A crazy good book. I loved the characters, the writing and the surprising ways the characters’ lives meander and connect, reconnect and in some cases dissolve. Highly recommend.
Another book I have read recently and would also recommend to anyone looking for something good is Maybe You Should Talk to Someone, by Lori Gottlieb. Selected (I just noticed) as The Oprah Magazine’s Best Nonfiction Book of 2019, this book is also a winner in its own right. The book is subtitled “A Therapist, Her Therapist, and Our Lives Revealed,” which gives you some idea what it’s about. But I have to say nothing could have prepared me for the experience of delving into this (I assume fictional) memoir.
The narrator is Lori, a Los Angeles therapist who writes of her clients’ lives and struggles. We have a tough, self-absorbed Hollywood producer, mystified by all the incompetents, idiots and that pepper his life. We have a young woman battling a terminal illness. We have an older woman who is ready to throw in the towel if something good doesn’t happen to her quick. And then we have the narrator herself, whose life suddenly becomes unmanageable due to a change in relationship status, who decides to seek out therapy for herself. Enter Wendell, khaki- and cardigan-clad, balding and lanky, kind of a dweeb. And now our therapist has a therapist. And the book, kind of snappy and funny up to this point, takes on a new depth and complexity. I really, really liked this book and have passed it on to my good friend, a therapist. She really likes it too but says it hits a bit close to home. Which I suppose is probably a good sign.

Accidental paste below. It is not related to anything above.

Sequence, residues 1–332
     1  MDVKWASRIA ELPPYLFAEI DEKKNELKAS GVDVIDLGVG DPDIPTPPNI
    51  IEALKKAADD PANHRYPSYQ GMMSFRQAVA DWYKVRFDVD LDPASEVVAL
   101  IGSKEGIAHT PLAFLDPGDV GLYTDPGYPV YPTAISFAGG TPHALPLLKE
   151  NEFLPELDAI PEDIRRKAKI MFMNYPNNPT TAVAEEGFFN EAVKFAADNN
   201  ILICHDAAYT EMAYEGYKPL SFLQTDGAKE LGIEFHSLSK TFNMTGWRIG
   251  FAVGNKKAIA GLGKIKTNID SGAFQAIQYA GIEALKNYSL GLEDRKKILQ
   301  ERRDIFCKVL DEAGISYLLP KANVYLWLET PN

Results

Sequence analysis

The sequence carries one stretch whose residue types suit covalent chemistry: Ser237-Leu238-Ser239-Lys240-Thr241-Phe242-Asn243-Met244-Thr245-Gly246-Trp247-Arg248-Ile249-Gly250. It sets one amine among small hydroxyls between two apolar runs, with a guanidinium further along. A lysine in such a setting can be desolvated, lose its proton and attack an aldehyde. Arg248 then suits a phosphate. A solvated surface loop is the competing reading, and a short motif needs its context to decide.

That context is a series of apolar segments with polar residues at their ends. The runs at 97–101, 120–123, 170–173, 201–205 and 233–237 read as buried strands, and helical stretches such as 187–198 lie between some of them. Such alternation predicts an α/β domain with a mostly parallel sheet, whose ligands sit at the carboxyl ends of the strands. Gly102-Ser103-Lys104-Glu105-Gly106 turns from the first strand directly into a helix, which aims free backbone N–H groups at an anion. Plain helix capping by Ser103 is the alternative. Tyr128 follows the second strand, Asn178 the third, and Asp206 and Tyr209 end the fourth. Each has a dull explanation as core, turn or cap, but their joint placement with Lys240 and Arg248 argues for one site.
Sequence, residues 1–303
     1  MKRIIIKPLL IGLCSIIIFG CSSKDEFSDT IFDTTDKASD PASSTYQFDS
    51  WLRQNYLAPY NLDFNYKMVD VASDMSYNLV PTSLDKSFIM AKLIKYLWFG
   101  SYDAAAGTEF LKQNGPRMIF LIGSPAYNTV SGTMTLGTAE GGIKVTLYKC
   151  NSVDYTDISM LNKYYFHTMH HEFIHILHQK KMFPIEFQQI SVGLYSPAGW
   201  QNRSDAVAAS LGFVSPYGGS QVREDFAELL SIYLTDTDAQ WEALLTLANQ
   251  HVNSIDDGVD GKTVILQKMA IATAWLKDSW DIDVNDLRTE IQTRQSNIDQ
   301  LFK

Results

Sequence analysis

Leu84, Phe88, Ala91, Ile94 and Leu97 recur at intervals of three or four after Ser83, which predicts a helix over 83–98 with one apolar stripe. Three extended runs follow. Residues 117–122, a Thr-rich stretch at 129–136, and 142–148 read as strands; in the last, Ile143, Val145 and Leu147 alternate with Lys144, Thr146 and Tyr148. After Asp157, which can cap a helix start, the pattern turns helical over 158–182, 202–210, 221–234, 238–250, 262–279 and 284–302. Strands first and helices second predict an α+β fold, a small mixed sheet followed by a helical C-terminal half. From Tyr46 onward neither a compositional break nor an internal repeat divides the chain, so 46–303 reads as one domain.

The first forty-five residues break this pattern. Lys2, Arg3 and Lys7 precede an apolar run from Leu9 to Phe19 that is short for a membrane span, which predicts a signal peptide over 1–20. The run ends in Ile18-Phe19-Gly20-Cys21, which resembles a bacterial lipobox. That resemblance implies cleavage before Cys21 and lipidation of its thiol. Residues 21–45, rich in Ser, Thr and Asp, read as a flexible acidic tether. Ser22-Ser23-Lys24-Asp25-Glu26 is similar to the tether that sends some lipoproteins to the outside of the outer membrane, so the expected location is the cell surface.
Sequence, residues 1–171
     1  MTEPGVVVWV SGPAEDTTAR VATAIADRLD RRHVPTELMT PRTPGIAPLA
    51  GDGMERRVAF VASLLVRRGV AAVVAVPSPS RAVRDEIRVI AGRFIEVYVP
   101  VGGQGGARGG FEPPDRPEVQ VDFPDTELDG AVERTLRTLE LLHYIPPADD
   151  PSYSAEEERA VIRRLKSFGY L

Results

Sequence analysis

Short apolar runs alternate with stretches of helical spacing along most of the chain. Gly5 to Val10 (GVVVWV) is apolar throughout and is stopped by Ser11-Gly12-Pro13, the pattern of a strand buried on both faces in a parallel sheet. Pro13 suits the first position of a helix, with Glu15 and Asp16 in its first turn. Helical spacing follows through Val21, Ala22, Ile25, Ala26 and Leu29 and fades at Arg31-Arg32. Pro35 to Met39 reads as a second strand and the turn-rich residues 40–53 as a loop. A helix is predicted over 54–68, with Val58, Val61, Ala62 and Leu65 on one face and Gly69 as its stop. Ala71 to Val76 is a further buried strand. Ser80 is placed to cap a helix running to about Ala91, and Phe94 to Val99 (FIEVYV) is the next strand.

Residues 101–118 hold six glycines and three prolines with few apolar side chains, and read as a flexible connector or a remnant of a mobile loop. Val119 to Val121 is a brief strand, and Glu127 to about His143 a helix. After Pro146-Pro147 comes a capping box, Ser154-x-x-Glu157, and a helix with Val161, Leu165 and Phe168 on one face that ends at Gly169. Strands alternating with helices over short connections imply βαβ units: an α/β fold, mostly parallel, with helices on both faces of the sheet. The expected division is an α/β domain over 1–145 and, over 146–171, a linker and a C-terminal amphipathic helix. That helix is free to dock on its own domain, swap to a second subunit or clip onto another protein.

I have more books to recommend, but have exceeded the allotted word count and therefore must bid you adieu. Enjoy the leaves and the sunshine and this incredible time of year. Don’t be too sad about winter coming. There are fires to light and books to read and summer will be back again. Be well, and happy reading!